The General Assembly will have a familiar look when lawmakers convene for the 2013 session, judging from the results of candidate qualifying last week.
In the House of Representatives, 62 Republican incumbents made it through qualifying without drawing opposition in either the GOP primary or the general election. Another 16 GOP incumbents have minimal opposition and are virtually assured of winning another term, for a total of 78 safe incumbents.
There are 25 Democratic incumbents in the House who are unopposed, and at least four more who have light opposition, so 29 members of the minority caucus can start planning for another two years at the Gold Dome.
In the Senate, 24 Republican incumbents are unopposed while four more incumbents have token opposition and likely will be back next year. There are 10 Democratic incumbents who are unopposed, and three more with light opposition.
Overall, you can safely assume that at least 148 of the current 236 legislators will be returning for another term before a single vote has been cast in any election this year.
That tells me that most Georgians are either satisfied with the way their legislators are representing them, or they aren’t interested enough to pay attention to what’s happening at the Capitol.
There will still be a few legislative elections that should be worth watching as the campaigns get underway.
Even with all the safe incumbents, a couple of members of the Senate’s Republican leadership team will actually be forced to campaign to retain their legislative seats.
Senate Majority Leader Chip Rogers is being challenged in the GOP primary by Brandon Beach, a member of the State Transportation Board. Sen. Cecil Staton, R-Macon, the majority whip, also has a primary opponent in Thomaston physician Spencer Price.
Sen. Don Balfour, R-Snellville, chairman of the powerful Senate Rules Committee, is a rare incumbent who may have to contend with challengers in both the primary and the general election.
Balfour has been targeted by ethics reform advocates because of pending complaints against him – involving state reimbursement on official expenses – that were filed with the Senate Ethics Committee.
“There were some minor mistakes and I reimbursed the state for those mistakes,” Balfour acknowledged after he qualified last week.
Balfour has GOP primary opposition from Travis Bowden of Snellville and Steve Ramey of Lilburn. Lawrenceville attorney Scott Drake qualified to run as a Democrat in that district.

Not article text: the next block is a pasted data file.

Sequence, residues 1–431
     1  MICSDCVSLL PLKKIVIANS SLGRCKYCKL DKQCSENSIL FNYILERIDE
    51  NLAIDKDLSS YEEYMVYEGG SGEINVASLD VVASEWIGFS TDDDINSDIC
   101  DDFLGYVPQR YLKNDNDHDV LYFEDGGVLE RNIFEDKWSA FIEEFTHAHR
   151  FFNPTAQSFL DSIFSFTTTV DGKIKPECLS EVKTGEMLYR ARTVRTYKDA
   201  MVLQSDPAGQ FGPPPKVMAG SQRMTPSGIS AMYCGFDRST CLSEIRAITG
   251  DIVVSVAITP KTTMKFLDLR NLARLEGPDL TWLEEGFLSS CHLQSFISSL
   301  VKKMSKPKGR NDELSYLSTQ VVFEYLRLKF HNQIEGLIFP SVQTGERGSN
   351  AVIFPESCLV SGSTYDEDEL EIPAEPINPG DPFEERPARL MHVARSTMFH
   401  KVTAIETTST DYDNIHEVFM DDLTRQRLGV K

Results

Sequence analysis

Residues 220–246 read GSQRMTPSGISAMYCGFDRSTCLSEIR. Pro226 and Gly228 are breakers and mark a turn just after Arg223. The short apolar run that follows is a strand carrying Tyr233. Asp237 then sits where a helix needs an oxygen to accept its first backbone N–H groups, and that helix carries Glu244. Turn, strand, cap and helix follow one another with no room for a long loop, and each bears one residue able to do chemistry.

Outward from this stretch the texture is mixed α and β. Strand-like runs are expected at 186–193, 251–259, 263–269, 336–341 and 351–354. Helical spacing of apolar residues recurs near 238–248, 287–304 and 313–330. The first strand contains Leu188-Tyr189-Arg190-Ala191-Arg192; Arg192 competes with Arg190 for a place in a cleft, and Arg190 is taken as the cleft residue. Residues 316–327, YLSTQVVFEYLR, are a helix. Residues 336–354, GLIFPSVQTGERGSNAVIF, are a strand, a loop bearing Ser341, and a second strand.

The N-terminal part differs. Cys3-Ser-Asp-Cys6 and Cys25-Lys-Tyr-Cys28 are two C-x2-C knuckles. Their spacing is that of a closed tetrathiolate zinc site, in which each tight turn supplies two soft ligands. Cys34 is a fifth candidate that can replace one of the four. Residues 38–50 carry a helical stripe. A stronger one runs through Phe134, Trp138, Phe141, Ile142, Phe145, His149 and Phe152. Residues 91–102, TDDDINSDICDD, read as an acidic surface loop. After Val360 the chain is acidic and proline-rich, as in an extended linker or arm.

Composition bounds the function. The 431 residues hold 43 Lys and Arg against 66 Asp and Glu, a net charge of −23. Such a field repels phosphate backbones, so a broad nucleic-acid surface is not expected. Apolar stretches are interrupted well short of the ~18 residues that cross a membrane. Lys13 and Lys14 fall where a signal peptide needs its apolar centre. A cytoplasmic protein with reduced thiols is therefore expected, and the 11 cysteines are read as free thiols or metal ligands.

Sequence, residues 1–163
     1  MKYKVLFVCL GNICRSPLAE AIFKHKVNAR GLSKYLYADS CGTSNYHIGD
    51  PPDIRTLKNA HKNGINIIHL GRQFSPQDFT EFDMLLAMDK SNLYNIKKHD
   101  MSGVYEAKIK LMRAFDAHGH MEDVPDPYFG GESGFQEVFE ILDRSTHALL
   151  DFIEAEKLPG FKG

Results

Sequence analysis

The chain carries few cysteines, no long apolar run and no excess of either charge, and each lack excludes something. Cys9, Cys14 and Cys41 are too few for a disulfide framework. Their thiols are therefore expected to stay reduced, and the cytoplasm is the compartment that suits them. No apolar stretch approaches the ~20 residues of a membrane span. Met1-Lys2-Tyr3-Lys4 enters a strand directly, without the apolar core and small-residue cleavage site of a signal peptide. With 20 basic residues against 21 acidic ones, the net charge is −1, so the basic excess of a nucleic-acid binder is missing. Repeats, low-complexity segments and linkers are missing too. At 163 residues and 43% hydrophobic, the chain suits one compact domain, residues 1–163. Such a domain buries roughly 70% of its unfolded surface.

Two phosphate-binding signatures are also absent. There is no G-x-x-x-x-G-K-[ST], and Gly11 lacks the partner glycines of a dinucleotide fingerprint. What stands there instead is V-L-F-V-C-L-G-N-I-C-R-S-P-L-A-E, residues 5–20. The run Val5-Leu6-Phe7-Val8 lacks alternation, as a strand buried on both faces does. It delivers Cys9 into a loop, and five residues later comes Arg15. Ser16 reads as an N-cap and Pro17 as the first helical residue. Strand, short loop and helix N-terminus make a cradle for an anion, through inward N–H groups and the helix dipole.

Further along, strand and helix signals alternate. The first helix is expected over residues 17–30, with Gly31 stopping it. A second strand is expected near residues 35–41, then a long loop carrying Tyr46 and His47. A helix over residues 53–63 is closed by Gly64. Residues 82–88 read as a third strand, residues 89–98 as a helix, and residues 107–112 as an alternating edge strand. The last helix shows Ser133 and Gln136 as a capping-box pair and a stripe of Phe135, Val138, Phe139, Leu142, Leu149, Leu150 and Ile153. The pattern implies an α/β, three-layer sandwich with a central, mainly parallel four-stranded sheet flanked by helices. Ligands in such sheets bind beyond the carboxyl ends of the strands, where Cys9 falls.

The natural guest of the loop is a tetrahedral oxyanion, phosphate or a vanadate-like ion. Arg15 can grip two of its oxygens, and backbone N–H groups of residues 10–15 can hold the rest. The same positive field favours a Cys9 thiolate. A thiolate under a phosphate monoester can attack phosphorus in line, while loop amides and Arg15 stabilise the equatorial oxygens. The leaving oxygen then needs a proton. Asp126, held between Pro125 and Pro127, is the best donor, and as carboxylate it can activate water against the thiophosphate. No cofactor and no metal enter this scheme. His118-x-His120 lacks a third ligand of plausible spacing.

Sen. Bill Heath, R-Bremen, chairman of the Senate Finance Committee, will be facing a strong primary challenge from Bill Carruth, former chairman of the Paulding County Commission and a member of the state Board of Natural Resources.
Sen. Jack Murphy, R-Cumming, who remained the chairman of the Senate Banking Committee even after getting sued by the FDIC for actions he took as a director of a now-defunct bank, has opposition in his Republican primary from Steve Voshall, a Cumming insurance agent.
Some familiar figures will be trying to make a political comeback by running for seats in the General Assembly.
Jeff Chapman, who served six years in the state Senate before running unsuccessfully for governor in 2010, qualified to run for the House seat along the coast that Roger Lane gave up to accept a judgeship appointment.
Vernon Jones was a member of the Georgia House in the 1990s before he was elected to the first of two terms as DeKalb County’s chief executive officer in 2000. Jones is running as a Democrat for an open seat in House District 94 against four other Democratic candidates.
Thomaston attorney Johnnie L. Caldwell Jr. is running in House District 131 against Republican Ryan Christopher of Barnesville. Caldwell was a Superior Court judge before he resigned in 2010 in the wake of allegations that he sexually harassed a female attorney.
David Lucas, who served in the Georgia House for 37 years, is back for another campaign against Sen. Miriam Paris, D-Macon. Lucas resigned from the House last year to run for the Senate in a special election, but was defeated by Paris.
Those could be interesting elections, but there won’t be enough of them. Once again, we’re letting too many elected officials coast to another term without having to answer for what they’ve done.
(Tom Crawford is editor of The Georgia Report, an internet news service at gareport.com.)